Virginia officer won't face charges in fatal shooting of Black man that sparked protests

A Virginia Beach police officer won’t face criminal charges in the fatal shooting of Donovon Lynch, The Washington Post reported 

Virginia Beach Commonwealth’s Attorney Colin Stolle said at a news conference on Tuesday that a special grand jury declined to issue any indictments against Officer Solomon D. Simmons, who shot and killed Lynch. 

Lynch’s family filed a $50 million federal lawsuit against Simmons and the city saying that Lynch, 25, posed no threat at the time of the incident and was fired upon by Simmons without any warning. 


Stolle said that the special jury found that Simmons acted in self-defense and in the defense of others when the incident took place.

“There were numerous people in that parking lot when Officer Simmons saw Mr. Lynch starting to come up with the firearm,” Stolle said, via The Post. “It is not only just whether the weapon was pointed at Mr. Simmons, but also, are the people in the parking lot at risk.”

In an interview with investigators, Simmons said he arrived to respond to an incident in which more than 50 gunshots had taken place at a parking lot in the city’s oceanfront. He then encountered Lynch, who was making his way to his vehicle.

Simmons told investigators he noticed someone “out of place” while he was leaving the parking lot area, saying he thought he heard a firearm being cocked.

He then said he saw a male crouched behind bushes — Lynch — who rose and brandished a weapon, according to The Post. Simmons, who is also Black, per the Post, said he thought the male was going to open fire on officers and other pedestrians at the parking lot.

“He turned around toward me,” Simmons told investigators “I remember firing three rounds, three gunshots at him.”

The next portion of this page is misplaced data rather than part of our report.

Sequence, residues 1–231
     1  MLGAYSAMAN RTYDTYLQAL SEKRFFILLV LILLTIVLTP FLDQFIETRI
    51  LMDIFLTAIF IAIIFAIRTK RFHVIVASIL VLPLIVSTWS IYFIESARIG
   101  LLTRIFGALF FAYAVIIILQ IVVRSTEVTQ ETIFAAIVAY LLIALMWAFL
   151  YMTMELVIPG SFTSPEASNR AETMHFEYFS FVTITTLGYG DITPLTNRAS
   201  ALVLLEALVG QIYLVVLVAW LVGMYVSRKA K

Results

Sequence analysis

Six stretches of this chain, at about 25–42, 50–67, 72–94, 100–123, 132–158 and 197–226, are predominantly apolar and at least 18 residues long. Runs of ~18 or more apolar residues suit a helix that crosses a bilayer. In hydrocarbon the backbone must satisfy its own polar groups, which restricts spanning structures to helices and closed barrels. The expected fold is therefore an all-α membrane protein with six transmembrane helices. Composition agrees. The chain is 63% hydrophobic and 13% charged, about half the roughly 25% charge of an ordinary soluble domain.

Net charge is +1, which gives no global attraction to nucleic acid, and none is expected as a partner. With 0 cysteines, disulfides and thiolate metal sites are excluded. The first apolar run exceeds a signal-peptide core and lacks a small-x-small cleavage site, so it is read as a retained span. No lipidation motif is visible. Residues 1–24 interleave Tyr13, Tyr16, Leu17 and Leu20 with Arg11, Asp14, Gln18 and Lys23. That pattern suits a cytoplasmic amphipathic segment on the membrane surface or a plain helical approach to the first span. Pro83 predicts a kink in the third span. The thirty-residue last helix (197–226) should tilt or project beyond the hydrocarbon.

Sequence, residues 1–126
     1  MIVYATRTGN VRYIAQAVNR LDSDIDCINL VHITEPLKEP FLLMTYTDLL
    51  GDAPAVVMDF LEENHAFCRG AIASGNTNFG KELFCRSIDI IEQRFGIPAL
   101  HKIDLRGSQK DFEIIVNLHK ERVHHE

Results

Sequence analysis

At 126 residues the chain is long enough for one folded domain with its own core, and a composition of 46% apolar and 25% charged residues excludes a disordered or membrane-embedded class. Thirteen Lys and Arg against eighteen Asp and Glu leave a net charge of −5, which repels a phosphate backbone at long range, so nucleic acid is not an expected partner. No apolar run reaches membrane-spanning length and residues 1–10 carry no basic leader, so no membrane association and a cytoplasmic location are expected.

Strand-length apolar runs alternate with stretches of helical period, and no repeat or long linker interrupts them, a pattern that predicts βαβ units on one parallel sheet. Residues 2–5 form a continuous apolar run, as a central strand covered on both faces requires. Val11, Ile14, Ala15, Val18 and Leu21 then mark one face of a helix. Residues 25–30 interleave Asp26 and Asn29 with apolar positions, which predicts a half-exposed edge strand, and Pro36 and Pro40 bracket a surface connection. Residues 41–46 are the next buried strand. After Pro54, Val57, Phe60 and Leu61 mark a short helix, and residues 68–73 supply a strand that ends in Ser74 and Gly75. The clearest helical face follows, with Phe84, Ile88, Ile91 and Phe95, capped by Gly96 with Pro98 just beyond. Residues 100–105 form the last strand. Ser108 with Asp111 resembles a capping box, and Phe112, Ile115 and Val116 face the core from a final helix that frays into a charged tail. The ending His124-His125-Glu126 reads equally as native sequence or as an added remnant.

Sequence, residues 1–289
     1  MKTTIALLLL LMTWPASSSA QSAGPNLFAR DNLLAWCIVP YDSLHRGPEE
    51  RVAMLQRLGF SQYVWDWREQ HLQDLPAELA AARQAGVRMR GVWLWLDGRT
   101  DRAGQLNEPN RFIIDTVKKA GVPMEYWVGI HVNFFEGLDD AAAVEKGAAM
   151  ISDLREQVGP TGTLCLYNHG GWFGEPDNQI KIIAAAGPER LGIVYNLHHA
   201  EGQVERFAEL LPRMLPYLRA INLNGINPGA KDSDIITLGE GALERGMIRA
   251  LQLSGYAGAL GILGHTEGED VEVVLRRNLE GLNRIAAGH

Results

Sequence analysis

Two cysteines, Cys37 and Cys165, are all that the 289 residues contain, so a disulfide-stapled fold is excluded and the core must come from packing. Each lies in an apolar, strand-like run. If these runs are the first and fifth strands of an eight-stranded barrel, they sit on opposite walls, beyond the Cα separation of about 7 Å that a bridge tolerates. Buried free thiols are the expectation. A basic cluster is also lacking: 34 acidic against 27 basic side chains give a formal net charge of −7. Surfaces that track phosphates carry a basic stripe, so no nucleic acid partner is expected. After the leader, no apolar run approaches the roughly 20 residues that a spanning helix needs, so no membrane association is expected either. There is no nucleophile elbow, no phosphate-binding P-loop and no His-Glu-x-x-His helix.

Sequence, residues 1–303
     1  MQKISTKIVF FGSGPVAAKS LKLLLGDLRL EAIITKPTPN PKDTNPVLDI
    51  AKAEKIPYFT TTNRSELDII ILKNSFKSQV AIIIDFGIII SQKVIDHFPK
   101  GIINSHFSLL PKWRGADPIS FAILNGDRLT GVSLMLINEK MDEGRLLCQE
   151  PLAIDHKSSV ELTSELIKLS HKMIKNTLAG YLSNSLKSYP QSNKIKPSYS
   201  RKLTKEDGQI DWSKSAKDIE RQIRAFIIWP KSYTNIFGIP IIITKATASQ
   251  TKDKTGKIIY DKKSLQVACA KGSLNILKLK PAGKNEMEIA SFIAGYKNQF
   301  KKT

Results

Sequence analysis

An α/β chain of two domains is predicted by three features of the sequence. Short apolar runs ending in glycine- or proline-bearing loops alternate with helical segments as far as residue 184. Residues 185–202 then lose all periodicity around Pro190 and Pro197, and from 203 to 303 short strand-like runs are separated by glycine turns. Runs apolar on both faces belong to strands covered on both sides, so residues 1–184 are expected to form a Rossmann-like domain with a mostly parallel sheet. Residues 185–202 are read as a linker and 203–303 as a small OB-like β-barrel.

Lynch’s family said he was legally carried a gun since he sometimes worked in security, The Post reported. 

The shooting has stirred protests and controversy that has brought national attention to the incident. Lynch was also a cousin of the famed musical artist Pharrell Williams, who recently wrote a letter to Virginia Beach’s city government blaming them for the racial tension in his native city. 

“The toxic energy that changed the narrative several times around the homicide of my cousin, Donovan Lynch, a citizen of Virginia, is the same toxic energy that changed the narrative around the mass murder and senseless loss of life at Building Number 2.”

A friend of Lynch's, Darrion March, offered a very different version of events to the Pos — one that authorities in Virginia Beach has said are not borne out by their investigation. 

He said that he was behind Lynch at the time of the shooting, and that he did not see his friend pull out a gun. He also said that Simmons fired without warning. Simmons said he shouted something at Lynch before firing his weapon.

Stolle at the press conference said March and two other witnesses had declined to talk to detectives, according to the Post, which led him to call the special grand jury that can subpoena witnesses. He also took issue with statements from an attorney for the family of Lynch, saying his claims that police moved Lynch's body to cover up the shooting were false.